Sunday, March 6, 2011

American and French Revolutions Compared

How do we compare the histories of countries that embraced Calvinism and Protestantism, such as England, Scotland, and America, with those that did not, such as France?  What connection is there between the religious Reformation of the 16th century and the political revolutions of the 18th century?

The impact of Protestant and Reformed thinking on nations in history and the differences between the American and French Revolutions are incredibly interesting questions for students of American and world history. Quite a few of the books listed on my book blog of September 2009 include references to differences between the American and French Revolutions. Others emphasize the historical impact of Calvinism on the maritime powers of Britain (England and Scotland), the Netherlands, and the United States in contrast with the beliefs and events in France. Out of my previous list, Rushdoony's This Independent Republic devotes several chapters to contrasting the French experience with that of America. Abraham Kuyper made quite a few remarks in Lectures on Calvinism on the cultural and political impact of Calvinism on particular countries, especially the U.S. and the Netherlands. Kuyper delivered those lectures in 1898, so the French Revolution was not all that far in the distant past. He would have known people who had lived during the French Revolution (which began in 1789) and the age of Napoleon. I cannot remember exactly, but I think Dallimore credits (and rightly so) George Whitefield and the Wesleys with having staved off revolution in England through their preaching. Also, Paul Johnson's short biography of Napoleon contrasts the Emperor with George Washington. That comparison of results--Napoleon and Washington--is quite a study in contrasts.

Let me list and briefly comment on a few other books:

One of Abraham Kuyper's predecessors, Groen van Prinsterer gave a series of lectures in his home that were later published under the title Revolution and Unbelief. This is a classic work detailing the impact of unbelief which then spawned the French Revolution.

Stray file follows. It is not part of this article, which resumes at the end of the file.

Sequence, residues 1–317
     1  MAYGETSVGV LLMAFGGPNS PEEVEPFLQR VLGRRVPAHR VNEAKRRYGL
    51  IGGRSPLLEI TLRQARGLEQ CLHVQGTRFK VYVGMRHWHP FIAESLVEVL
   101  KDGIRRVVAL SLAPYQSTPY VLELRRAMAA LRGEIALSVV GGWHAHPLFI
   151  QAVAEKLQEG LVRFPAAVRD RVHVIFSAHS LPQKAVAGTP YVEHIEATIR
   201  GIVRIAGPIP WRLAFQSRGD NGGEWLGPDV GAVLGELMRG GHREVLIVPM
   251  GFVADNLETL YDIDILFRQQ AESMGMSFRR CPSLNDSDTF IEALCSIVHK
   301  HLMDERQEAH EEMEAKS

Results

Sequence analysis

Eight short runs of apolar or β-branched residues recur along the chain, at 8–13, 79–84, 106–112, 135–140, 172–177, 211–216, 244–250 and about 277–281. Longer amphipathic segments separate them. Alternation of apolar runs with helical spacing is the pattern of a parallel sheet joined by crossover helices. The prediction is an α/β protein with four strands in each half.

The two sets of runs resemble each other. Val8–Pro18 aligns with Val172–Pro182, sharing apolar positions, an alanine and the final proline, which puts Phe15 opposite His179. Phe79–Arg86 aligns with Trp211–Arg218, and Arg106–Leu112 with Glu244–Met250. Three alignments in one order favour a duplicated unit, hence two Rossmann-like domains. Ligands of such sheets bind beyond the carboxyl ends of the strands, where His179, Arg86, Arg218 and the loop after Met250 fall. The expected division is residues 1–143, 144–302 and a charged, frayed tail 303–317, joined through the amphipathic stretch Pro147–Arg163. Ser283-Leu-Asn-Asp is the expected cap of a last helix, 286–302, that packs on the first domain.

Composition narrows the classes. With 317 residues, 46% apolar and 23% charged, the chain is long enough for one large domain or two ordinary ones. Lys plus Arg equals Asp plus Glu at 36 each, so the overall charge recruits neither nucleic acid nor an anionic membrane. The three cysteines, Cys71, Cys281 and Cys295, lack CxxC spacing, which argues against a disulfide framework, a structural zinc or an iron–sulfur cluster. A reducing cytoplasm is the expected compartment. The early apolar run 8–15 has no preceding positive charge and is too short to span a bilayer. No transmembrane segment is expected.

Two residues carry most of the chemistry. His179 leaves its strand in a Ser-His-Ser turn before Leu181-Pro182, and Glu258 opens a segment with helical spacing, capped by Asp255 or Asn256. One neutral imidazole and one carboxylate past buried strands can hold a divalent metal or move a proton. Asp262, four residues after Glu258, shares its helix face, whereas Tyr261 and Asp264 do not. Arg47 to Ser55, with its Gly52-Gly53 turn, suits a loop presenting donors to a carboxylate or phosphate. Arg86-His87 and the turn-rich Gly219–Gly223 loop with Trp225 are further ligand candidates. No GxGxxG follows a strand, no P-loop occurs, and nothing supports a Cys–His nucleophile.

An outstanding book that describes the changes and challenges in America, France, and Russia during the late 1700s is The Great Upheaval: America and the Birth of the Modern World by Jay Winik. America won its independence and developed a republican form of government while France was experiencing the horrors of a bloody revolution. At the same time, revolutionary impulses in Russia, under the control of Catherine the Great, were squenched.

With a healthy dose of discernment, you might read God and Gold: Britain, America, and the Making of the Modern World by Walter Russell Mead
This is an amazing analysis of how Britain and America, the maritime powers (which historically includes the Netherlands) have dominated history and defeated their rivals militarily, culturally, and economically. Discernment is called for because Mead gets so much so right, but he totally botches his discussion of Calvinism.

Gertrude Himmelfarb's The Roads to Modernity: The British. French, and American Enlightenment is also a wonderful coverage of these issues. She does not focus all that much on Protestantism, but does credit the Methodist Revival with preventing revolution in Britain.


  1. Ben,

    Visiting your blog(s) can be dangerous. I often walk away wanting to purchase anywhere between 2 - 10 new books. How is the Justo Gonzalez book? I just heard Steven Wedgeworth give a 3 part lecture on E Orthodoxy. He mentioned several books as resources to help understand the maze of orthodoxy. He mentions the Gonzalez book favorably more than once.


  2. Justo Gonzalez's history is a fine work. It consists of two volumes bound together in an inexpensive hardback. The book may not be the best for a simple survey of church history and may be a bit much for younger students; nevertheless, it is a great resource. I really like the idea of using it along with Bruce Shelley's more episodic church history.